Story and photos by Brian Earnest
Looking at it today, it’s hard to believe that Jeff Duranso’s beautiful 1959 Pontiac Catalina coupe was once viewed as a bit of a bargain-basement stripper. Dressed in stunning red with matching red rims, chrome-laden high-rise fins in back, a Tri-Power 389 under the hood and gorgeous red-and-white upholstery inside, the big hardtop is handsome from head to toe and seems equipped to hold its own in any crowd.
Times change, though, and what is someone’s trophy machine today may have been just another car back in the day — even for a teenager who apparently didn’t fully appreciate his lovely Catalina until much later in life.
“This car didn’t even come with what they called the décor package, that’s why it’s got the small caps and the blackwalls,” said Duranso, a resident of Wausau, Wis. “It was a very plain car. The [original owner] was 19 years old and he didn’t have a lot of money. He wanted a cheap car that was fast, that could go fast on the highway, and really cruise. And there weren’t a lot of choices at the time. This was the cheapest car out there that would cruise at the speeds he wanted and that he could still afford. This was the cheapest model Pontiac made. It was the smallest, lightest car they built and he put the biggest motor in it.
He said, ‘It was just a car when I bought it.’”
The original owner was looking for big car that could move and eat the open road in a hurry, and the Catalina certainly filled the bill. As Duranso found not long after he bought the car as a restoration project back in 1990, the tall-geared Tri-Power Catalina was a rare combination of size and straight-line speed.
“Yeah, it really drives nice,” he said. “The biggest problem with tall gear is that [the] Tri-Power doesn’t kick in until 75 mph. So, I have to slow it down and punch the gas just to keep the carburetors wet.”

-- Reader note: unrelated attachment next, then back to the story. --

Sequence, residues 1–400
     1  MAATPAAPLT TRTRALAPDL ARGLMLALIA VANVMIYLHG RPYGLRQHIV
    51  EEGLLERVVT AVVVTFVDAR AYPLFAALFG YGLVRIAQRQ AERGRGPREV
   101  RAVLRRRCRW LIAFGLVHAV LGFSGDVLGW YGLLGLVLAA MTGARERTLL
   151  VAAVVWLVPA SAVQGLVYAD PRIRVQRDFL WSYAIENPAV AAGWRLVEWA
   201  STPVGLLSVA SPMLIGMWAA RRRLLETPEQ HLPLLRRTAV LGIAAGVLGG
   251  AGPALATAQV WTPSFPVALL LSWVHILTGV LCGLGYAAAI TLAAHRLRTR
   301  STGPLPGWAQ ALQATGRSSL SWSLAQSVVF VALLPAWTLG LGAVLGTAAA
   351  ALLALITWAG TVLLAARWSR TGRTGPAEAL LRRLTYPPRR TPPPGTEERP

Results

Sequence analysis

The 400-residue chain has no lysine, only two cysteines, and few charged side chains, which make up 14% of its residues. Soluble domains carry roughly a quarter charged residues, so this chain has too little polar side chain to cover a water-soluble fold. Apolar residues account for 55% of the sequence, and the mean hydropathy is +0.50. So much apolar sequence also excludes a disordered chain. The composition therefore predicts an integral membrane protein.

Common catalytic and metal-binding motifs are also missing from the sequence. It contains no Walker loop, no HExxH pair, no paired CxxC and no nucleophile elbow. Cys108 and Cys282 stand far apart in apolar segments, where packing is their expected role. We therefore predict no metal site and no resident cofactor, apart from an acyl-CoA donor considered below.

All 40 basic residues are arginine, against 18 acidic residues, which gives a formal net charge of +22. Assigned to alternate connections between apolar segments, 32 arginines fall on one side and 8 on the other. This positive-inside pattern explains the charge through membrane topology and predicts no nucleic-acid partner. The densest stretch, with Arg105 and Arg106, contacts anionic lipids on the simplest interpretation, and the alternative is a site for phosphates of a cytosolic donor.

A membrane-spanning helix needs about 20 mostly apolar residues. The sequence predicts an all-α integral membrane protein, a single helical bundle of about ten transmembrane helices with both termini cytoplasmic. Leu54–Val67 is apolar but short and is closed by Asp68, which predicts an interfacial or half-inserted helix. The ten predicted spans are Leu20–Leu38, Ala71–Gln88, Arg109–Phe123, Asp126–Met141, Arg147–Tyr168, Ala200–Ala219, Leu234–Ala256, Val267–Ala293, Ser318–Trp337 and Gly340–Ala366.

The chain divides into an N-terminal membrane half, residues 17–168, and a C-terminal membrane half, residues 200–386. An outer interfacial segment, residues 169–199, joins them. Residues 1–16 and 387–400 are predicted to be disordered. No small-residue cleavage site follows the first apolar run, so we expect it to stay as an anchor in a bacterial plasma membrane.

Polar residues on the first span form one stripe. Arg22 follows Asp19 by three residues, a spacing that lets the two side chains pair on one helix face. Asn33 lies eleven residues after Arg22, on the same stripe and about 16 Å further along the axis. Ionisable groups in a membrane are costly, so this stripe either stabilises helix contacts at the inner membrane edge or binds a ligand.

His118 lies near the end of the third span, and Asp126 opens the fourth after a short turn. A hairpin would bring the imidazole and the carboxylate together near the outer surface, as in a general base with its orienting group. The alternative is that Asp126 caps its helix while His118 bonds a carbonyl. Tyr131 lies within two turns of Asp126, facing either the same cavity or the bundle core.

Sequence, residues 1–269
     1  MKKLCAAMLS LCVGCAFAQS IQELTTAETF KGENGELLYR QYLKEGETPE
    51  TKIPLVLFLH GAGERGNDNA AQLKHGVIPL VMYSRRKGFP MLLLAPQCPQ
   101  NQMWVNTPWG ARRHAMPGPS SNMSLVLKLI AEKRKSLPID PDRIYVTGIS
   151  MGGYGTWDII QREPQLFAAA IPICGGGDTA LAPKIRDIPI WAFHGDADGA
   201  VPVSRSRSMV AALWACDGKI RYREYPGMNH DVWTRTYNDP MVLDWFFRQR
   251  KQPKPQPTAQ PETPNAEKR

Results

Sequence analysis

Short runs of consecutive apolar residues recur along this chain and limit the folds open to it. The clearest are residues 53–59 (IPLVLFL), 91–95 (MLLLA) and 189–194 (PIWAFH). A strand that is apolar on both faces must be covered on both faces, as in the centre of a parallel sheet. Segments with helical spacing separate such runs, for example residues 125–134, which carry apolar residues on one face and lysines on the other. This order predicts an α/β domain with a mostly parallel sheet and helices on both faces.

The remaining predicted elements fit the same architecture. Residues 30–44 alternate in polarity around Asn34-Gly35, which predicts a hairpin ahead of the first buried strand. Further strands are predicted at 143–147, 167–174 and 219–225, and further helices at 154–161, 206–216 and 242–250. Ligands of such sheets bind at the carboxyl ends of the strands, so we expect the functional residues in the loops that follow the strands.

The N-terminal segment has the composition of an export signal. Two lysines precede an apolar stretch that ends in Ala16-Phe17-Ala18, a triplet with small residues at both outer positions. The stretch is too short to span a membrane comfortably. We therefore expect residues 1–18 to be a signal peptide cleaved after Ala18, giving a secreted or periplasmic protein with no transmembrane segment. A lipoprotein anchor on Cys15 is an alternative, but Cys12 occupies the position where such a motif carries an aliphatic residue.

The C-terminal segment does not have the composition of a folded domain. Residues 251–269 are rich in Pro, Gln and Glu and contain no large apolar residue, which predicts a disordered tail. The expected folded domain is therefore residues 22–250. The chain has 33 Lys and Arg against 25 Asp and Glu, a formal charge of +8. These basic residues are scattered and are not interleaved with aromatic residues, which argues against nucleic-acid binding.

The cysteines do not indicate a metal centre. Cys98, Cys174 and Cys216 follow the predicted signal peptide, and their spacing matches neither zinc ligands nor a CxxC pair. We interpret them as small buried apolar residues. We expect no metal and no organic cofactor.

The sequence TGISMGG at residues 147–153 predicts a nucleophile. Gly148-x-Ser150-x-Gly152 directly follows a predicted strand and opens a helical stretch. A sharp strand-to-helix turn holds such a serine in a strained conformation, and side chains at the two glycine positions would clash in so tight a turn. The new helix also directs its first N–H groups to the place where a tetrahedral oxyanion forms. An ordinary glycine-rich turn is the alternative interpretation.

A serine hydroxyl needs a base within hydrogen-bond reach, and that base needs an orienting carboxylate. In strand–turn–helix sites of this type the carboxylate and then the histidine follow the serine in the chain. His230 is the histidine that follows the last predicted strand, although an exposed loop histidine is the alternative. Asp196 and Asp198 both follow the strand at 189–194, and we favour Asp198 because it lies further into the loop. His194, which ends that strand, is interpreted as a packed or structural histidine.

As luck would have it, Duranso was able to find out a lot about his Pontiac’s early life when the original owner tracked him down and called him out of the blue back in the mid 1990s. By then, Duranso had facelifted the Catalina with paint and bodywork and carefully replaced the red-and-white interior, correctly restoring it back to factory-fresh condition.
“The original owner contacted me and we had an interesting discussion,” Duranso recalled. “He bought the car new when he was 19 years old in South Dakota. He was a construction worker. And the first thing I asked him, ‘That car is geared extremely high; why is it geared so tall?’ He said, ‘Well, I was a construction worker and we rode on highway systems in South Dakota and it would be hundreds of miles between job sites. There were no speed limits back then. Me and my crew would jump in that car and drive to that next job site,’ he said. ‘That car will go 125 miles an hour!’ I said, ‘I believe it will!’
“It’s got like a 2.70 gear in it. It’s a really high highway gear. So we chatted about it and he had it until 1968 and traded it in on a 1968 Chevy, and he lost track of it. We really don’t know a lot about what happened to it in between. He had tracked it down, he wanted to buy it back! I said I would sell it, but when I gave him a price he didn’t really want it that bad. We stayed in touch for a while, and I believe he’s passed on since then. It was very interesting to talk with him. We had long talks many times.
“It was his first new car, and he had fond memories of it, and even at that time he realized it was a pretty unusual car.”
The 1959 model year was a bit of a turning point for Catalina nameplate, which had been around since 1950 as the pillarless hardtop model in the Chieftain lineup. For ’59, The old Chieftain line was renamed, with Catalina becoming the new series name. Major styling changes for 1959 Pontiacs backed up the “Wide Track” theme, which included better-handling cars with lower, longer bodies; more interior room; a new twin grille theme; twin-fin rear fenders; ‘V’ contour hoods; more glass and flat, rear overhanging roofs on four-door Vista hardtops.
Standard equipment included directional signals; electric wipers; dual sun visors; dome lamps; cigarette lighter; dual headlamps; front and rear ashtrays; coat hooks; dual horns; tubeless tires; bumper jack; and wheel lug wrench.